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Sony Patents "EyePad" Controller

| 18 Feb 2013 01:10
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The next PlayStation accessory could be a confusingly-named tablet.

Sony has a habit of filing patents for all sorts of potential products that may or may not see the light of day. However, a recently published patent for a tablet-esque PlayStation controller has raised a few eyebrows, and not just because of its suspiciously familiar name.

The "PlayStation EyePad" is the latest development in the series of "Eye" accessories like the PlayStation Eye and the EyeToy before it. The hypothetical controller is dominated by a large flat surface in the center, which could be a number of things: a display screen, a touchscreen, or a Vita-style touchpad (it doesn't appear to be set in stone). Flanking the main screen are the classic PlayStation controls, including a D-pad and four buttons, though the EyePad has only one analog stick.

What sets the EyePad apart is its grab-bag of miscellaneous features. The corners of the main screen contain paired stereoscopic cameras. This means that an object placed in the middle of the controller could be scanned from all angles, allowing anything that fits in the space to be rendered as a full three-dimensional model in a game. The system also makes it possible to use the cameras to scan players' faces, so you can make your in-game character's face match your own real-life mug.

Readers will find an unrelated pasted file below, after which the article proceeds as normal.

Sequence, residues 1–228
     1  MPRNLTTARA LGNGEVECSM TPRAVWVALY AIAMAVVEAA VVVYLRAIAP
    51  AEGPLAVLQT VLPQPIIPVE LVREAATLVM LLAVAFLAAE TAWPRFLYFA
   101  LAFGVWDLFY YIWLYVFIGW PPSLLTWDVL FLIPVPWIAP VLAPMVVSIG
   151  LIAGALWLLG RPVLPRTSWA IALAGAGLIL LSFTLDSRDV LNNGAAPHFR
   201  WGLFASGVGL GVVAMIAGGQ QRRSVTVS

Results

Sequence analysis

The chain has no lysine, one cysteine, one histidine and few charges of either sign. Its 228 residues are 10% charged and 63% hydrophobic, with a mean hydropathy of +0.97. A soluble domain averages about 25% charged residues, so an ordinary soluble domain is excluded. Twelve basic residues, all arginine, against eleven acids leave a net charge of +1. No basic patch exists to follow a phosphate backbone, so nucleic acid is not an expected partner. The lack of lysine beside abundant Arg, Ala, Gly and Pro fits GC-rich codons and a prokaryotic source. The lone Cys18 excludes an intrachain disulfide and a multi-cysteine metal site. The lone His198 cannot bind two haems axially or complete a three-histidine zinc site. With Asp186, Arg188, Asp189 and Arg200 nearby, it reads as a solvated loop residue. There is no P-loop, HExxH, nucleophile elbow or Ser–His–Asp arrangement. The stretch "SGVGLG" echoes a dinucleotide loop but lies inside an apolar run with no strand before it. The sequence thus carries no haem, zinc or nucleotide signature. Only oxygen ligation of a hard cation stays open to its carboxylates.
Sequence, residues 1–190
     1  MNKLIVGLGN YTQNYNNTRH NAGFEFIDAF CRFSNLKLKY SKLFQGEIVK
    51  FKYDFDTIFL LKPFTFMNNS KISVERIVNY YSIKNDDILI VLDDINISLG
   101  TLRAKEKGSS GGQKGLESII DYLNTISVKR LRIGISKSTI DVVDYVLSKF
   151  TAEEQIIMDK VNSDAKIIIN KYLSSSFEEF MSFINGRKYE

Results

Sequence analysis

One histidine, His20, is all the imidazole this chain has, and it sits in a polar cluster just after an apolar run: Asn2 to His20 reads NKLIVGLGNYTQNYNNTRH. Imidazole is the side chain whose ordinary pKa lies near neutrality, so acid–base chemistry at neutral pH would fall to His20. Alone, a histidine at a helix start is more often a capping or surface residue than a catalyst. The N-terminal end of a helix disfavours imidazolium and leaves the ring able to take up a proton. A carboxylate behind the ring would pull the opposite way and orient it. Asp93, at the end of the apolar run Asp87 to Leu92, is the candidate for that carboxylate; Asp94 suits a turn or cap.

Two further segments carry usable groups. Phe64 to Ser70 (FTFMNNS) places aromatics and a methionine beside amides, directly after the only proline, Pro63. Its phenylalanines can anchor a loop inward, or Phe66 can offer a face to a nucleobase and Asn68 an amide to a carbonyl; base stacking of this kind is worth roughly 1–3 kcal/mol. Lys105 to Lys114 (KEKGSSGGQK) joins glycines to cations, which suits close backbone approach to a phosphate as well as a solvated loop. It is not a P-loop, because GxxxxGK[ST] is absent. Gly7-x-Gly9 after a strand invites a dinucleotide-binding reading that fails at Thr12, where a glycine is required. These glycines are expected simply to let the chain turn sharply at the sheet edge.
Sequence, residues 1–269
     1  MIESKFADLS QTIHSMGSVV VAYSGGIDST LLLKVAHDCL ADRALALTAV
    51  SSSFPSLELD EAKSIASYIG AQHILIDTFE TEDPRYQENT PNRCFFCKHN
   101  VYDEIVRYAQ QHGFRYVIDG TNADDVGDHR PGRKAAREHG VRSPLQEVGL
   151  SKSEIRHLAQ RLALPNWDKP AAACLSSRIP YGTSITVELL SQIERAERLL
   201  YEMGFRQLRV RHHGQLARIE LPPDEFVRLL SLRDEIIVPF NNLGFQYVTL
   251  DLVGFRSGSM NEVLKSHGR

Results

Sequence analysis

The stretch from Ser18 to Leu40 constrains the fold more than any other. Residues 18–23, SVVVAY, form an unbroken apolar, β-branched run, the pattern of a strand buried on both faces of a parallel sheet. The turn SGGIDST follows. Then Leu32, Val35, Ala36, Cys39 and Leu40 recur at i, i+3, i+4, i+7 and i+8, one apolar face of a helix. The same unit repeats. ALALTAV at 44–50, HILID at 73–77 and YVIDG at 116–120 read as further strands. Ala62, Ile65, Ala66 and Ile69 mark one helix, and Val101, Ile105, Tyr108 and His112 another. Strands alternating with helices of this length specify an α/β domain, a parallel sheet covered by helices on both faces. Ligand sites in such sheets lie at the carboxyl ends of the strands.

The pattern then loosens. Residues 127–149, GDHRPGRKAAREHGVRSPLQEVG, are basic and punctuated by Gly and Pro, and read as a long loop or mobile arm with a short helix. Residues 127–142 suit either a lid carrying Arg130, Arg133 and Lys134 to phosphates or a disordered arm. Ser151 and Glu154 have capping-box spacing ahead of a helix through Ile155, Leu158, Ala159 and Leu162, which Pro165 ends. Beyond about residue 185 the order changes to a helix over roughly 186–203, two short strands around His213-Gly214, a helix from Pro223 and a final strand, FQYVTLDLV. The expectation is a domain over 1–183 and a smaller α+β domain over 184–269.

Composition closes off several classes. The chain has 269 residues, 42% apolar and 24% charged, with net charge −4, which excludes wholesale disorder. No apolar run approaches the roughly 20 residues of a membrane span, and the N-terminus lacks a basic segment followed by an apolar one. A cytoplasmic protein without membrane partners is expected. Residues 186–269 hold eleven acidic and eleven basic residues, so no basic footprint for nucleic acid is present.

In addition, four glowing LED strips are embedded in the sides of the rectangular controller, which allow it to be recognized by the PlayStation Eye for motion-tracking. This could allow the EyePad to be used as a substitute for a PlayStation Move controller, though the device itself is very different in shape and size from the traditional Move wand.

It's worth noting that this patent doesn't guarantee that the EyePad will ever make it past the prototype stage. If it does end up hitting shelves, though, be prepared to look for it under a different name. The "PlayStation EyePad" seems to be a working title, and Sony probably knows better than to step on Apple's toes with misleading homonyms - it wouldn't be the first time the lawyers at Apple have gone after similarly-named products.

Source: Free Patents Online, via GameChup

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